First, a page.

The map has incorrectly identified large areas of steep land as being low slope and this has significant implications for the management of rolling and hill country. This type of country was not originally intended to be captured by the stock exclusion regulations.
The Ministry is looking to farmers to help to build a picture of the scale of the mapping inaccuracy to help them identify what the potential solutions may be. This includes asking farmers to fill in a form stating their location so they can get a sense of the scale of the issues in different parts of the country.
B+LNZ’s Environment Strategy Manager Corina Jordan encourages farmers to fill in the form, saying it’s relatively straightforward and provides useful prompts to ensure all information is included. There is also the option of emailing MfE directly to express concerns about the map and its functionality.
“The key piece of information farmers need to provide is their address. They also need to provide supporting information to give MfE an in-depth understanding of where the issues are and the scope and scale of the inaccuracies.”
She says B+LNZ is strongly encouraging affected farmers to engage in this process as this will help the organisation advocate the government, on behalf of farmers, to find sensible solutions quickly to the issues identified.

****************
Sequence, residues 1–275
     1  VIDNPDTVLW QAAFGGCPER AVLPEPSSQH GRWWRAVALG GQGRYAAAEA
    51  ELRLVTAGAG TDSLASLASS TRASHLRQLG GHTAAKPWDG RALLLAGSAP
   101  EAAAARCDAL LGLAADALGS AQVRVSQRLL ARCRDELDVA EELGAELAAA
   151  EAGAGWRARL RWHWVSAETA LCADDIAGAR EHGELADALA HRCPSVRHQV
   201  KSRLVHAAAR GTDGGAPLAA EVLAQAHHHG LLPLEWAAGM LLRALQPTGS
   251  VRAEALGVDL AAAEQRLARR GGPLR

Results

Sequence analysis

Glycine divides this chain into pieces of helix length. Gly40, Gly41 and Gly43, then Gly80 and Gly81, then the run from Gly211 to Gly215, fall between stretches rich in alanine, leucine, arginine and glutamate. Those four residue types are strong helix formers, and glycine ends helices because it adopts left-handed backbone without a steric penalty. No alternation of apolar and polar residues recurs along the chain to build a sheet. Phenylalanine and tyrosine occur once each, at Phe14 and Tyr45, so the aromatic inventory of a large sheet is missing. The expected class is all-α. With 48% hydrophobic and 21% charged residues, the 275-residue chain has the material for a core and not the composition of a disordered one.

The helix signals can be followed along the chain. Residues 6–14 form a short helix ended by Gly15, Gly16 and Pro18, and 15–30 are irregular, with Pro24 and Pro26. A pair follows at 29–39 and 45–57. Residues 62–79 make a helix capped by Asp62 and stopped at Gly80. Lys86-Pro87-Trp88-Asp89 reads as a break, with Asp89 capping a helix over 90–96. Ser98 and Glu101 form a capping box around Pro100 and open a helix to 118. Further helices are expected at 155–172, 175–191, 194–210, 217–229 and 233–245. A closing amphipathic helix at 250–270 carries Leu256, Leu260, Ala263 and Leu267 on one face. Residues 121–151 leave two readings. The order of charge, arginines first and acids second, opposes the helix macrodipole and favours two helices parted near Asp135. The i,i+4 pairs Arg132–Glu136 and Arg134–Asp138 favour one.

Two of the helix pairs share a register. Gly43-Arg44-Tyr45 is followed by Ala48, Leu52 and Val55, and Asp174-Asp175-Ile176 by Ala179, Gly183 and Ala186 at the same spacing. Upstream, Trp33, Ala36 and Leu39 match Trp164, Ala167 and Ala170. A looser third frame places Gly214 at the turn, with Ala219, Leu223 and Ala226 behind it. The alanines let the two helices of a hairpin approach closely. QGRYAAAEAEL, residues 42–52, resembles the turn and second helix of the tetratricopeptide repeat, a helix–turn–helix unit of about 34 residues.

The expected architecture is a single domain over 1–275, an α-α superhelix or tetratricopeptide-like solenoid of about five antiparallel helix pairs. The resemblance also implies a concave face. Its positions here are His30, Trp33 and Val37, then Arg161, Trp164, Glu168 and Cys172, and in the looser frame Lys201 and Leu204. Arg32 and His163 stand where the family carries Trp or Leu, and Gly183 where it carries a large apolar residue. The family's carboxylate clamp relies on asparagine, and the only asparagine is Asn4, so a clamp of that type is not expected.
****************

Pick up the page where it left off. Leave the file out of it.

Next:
“We continue to work closely with the government to find a way forward on regulations that are impractical to implement on-farm and don’t have the positive environmental outcomes we are all seeking.”
While B+LNZ acknowledges the basic principle of the rule and agrees that more intensively farmed stock on low slope land should be fenced off from rivers or streams over one metre wide, extensively grazed land, including land above 10 degrees, should not require stock exclusion by fencing.
“Given the scale of the inaccuracies, B+LNZ would prefer the map was replaced with a general rule that Regional Councils would be empowered to give effect to. This could be through either a 10 degree slope-trigger based at the paddock scale or by undertaking their own regional mapping.”
If farmers want to email MfE directly, they should include the following:
- their address,
- the issues they have with the area identified on the low slope map, and
- stock grazed on this land.
They could also include information about the length of fenced streams, but this is optional.
The feedback form is available on the Ministry for the Environment website.
Or the email address for the Ministry for the Environment is email@example.com